McNair Scholars Alumni 2005

  • Anne Chelin
    Biology/Secondary Education

    A Review of the University of Wisconsin-Superior Secondary Education Science Curriculum
    Faculty Mentor: Dr. Mary Balcer, Department of Biology and Earth Science
    ABSTRACT: This study examines what course work is necessary for future instructors to effectively teach to the Wisconsin Model Academic Standards as well as to excel at the new Praxis II exam. The curricula from four colleges were compared to see how those schools are preparing their undergraduates for becoming an instructor of Biology at the secondary educational level. The University of Wisconsin-Superior, University of Wisconsin-Madison, University of Minnesota-Duluth, and College of St. Scholastica were the schools examined. It was found that the curriculum of the University of Wisconsin-Superior would benefit by adding course work in Physics, Earth Science and Geology, whereas the University of Minnesota-Duluth has a well rounded and thorough curriculum for its graduating science teachers.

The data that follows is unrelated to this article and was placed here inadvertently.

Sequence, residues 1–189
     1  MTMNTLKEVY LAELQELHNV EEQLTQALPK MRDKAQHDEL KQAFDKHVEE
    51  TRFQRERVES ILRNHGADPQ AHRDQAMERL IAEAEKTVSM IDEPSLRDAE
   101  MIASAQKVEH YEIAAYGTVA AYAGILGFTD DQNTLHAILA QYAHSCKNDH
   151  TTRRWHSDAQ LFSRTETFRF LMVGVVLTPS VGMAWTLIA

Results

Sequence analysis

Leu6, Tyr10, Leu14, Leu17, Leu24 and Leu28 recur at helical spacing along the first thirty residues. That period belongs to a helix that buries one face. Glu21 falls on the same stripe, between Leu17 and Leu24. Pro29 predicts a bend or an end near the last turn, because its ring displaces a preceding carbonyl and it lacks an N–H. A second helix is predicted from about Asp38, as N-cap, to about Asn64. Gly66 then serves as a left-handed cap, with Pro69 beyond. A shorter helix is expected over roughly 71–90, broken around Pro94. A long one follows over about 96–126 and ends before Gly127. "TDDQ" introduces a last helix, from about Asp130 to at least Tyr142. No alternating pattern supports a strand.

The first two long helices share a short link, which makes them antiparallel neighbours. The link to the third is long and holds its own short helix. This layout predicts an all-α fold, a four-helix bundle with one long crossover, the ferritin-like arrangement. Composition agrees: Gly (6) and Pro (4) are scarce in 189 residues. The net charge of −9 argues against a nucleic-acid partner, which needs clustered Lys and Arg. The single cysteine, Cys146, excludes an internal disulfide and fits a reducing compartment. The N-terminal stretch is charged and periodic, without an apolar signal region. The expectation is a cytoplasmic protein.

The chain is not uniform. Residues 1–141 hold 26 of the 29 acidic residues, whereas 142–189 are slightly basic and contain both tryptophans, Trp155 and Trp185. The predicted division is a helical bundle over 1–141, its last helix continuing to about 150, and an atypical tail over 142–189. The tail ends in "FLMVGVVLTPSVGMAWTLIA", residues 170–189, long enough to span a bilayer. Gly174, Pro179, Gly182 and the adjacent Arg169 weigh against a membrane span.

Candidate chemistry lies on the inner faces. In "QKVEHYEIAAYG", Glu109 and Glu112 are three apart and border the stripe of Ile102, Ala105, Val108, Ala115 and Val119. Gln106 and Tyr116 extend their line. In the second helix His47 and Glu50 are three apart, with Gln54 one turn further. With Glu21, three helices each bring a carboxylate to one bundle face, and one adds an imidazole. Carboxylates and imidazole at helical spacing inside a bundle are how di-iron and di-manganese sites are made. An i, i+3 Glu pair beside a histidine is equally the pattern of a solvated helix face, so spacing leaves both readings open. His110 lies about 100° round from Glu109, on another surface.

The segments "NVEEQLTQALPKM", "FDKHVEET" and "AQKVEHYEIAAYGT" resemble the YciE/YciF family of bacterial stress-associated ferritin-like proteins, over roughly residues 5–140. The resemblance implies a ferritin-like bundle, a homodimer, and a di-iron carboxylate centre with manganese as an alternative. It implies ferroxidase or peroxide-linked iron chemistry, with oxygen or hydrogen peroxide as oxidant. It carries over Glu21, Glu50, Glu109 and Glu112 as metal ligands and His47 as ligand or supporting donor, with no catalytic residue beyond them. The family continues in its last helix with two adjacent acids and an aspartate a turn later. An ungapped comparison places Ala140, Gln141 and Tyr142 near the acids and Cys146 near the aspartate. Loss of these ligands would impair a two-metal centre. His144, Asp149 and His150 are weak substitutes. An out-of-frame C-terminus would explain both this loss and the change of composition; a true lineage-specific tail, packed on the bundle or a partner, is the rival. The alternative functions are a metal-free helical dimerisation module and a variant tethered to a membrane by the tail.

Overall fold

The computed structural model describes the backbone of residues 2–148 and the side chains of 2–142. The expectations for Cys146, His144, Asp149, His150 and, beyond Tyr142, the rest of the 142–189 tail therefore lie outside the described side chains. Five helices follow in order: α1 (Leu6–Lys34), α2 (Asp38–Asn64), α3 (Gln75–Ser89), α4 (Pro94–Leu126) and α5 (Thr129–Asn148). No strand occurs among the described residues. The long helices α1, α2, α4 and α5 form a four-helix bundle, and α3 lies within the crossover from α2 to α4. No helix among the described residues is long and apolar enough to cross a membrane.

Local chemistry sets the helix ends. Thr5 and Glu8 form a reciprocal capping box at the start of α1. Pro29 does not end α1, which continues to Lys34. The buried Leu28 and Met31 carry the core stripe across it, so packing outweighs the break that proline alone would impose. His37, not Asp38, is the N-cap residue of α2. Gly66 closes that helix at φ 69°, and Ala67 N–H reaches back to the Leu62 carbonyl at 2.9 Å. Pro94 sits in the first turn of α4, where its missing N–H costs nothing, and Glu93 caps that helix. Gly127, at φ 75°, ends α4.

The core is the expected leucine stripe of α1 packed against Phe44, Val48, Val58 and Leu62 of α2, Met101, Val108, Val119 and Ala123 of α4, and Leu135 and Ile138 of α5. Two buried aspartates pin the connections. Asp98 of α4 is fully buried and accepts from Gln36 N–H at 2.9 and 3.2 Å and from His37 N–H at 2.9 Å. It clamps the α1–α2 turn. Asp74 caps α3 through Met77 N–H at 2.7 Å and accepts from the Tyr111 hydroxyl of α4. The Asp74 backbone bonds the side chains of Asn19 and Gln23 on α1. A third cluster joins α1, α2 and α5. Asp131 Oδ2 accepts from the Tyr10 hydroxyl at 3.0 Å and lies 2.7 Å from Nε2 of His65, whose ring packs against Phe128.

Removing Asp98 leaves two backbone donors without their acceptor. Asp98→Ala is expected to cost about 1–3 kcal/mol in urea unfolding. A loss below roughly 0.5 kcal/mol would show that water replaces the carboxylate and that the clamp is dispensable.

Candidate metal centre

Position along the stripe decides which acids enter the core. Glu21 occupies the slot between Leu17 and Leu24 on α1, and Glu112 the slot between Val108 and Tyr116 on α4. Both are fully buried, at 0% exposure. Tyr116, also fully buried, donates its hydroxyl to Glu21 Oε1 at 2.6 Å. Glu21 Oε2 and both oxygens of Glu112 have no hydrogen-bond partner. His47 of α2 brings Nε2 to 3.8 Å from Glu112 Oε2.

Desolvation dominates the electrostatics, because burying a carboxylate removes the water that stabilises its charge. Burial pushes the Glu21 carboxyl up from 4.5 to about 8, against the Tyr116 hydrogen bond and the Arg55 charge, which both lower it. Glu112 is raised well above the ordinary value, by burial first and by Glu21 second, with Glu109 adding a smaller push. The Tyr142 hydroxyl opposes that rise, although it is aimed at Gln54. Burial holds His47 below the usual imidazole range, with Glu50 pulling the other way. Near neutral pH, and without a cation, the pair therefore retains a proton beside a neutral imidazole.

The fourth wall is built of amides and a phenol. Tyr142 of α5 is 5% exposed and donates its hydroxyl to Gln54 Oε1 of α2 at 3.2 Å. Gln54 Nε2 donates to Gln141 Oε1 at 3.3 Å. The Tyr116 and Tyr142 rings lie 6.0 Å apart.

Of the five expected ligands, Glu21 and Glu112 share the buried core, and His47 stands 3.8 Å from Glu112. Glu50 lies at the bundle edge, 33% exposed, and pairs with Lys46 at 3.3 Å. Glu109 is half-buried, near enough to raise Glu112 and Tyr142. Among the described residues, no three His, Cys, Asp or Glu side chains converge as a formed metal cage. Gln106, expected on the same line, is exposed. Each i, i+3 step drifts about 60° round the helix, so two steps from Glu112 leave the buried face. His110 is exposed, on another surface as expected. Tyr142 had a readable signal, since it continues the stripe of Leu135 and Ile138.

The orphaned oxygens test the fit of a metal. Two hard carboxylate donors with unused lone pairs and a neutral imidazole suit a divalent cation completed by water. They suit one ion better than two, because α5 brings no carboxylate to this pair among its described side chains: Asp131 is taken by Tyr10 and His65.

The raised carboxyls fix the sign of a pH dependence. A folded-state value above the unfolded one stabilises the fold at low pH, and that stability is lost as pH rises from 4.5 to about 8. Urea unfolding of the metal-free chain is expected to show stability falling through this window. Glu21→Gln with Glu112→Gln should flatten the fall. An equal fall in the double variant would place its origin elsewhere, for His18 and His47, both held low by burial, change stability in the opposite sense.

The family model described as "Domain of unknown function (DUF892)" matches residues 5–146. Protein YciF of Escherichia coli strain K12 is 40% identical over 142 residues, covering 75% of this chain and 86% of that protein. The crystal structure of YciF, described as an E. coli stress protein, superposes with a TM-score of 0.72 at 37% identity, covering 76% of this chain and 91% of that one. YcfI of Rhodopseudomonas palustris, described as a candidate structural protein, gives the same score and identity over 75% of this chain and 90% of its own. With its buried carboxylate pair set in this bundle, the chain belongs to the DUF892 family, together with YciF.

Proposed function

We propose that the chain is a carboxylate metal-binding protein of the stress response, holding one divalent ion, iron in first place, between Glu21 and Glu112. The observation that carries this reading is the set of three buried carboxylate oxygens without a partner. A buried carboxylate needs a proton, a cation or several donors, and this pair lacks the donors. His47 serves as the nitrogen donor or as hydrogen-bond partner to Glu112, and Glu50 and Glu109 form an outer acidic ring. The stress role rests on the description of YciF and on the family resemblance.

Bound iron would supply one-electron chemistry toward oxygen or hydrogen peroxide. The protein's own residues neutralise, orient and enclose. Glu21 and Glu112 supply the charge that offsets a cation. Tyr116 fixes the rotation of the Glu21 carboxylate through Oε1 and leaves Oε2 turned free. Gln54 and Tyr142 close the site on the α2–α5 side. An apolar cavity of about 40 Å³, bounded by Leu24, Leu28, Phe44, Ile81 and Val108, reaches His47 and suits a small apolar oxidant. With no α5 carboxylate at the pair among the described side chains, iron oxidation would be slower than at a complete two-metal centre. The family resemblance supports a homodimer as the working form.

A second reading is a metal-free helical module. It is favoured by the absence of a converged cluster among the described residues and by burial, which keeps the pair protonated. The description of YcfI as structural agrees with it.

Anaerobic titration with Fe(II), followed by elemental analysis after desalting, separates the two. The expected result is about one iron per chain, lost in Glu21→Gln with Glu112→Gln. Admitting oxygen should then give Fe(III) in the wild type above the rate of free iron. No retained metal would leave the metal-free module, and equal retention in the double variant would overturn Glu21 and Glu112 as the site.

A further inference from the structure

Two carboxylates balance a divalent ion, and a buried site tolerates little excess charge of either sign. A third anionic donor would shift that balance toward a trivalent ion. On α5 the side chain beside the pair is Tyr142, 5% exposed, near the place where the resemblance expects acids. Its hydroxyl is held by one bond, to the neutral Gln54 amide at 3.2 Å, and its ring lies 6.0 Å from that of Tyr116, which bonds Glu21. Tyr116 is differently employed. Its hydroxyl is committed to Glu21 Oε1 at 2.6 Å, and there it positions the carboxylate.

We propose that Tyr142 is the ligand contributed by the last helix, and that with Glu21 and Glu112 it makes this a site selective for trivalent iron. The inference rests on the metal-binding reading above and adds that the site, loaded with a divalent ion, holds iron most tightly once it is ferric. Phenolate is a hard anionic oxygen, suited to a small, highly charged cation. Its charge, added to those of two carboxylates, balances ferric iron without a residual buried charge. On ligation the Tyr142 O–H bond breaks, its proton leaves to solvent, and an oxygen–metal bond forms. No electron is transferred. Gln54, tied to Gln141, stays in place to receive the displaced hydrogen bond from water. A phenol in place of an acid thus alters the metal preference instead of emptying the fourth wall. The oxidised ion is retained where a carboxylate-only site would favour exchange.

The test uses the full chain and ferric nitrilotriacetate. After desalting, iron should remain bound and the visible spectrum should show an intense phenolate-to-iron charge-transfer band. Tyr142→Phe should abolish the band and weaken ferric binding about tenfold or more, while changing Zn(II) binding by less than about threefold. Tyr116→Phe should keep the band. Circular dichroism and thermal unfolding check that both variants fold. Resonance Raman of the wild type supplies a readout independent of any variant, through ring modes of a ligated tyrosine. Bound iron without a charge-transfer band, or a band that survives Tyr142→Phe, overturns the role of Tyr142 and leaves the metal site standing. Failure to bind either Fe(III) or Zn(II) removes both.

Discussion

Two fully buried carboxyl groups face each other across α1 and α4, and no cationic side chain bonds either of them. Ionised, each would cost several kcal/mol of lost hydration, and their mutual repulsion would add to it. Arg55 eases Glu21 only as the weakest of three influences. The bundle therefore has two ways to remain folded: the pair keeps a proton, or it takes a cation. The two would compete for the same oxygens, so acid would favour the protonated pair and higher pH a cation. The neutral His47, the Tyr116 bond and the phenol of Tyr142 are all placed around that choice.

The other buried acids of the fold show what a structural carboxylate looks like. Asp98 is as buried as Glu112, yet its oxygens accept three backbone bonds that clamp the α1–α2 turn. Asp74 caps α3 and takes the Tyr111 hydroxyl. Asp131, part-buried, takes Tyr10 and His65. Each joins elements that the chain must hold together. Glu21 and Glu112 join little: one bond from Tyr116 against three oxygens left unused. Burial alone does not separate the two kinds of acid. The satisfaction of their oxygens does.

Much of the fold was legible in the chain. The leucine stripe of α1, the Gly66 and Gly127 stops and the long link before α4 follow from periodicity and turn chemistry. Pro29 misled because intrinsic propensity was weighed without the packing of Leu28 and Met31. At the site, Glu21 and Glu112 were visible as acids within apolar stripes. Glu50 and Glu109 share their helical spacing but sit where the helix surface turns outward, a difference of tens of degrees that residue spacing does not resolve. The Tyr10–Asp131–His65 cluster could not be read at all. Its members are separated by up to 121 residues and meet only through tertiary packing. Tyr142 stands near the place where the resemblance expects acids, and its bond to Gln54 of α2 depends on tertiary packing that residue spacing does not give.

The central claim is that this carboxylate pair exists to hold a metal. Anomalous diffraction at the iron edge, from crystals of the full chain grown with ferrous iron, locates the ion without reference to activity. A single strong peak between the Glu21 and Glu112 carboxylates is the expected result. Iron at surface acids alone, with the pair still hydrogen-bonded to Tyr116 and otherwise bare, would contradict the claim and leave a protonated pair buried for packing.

• Semienawit Ghebrezadik
    Chemical Engineering

    Surface Characterization of Thin Polymer Films Deposited by Plasma Enhanced Chemical Vapor Deposition (PECVD) Using Water Contact Angle Measurements
    Faculty Mentor: Dr. John F. Evans, Department of Chemistry, University of Minnesota-Duluth
    ABSTRACT: The purpose of this experiment is to explore the use of plasma polymerization in the preparation of thin polymet films for microelectronic, and sensor applications ranging from the fabrication of organic and inorganic optoelectronics structures to implantable medical devices.

  • Marlene Hart
    Social Work

    Health Insurance Preferences of Duluth Small Businesses
    Faculty Mentor: Professor Elizabeth Twining Blue, Department of Human Behavior and Diversity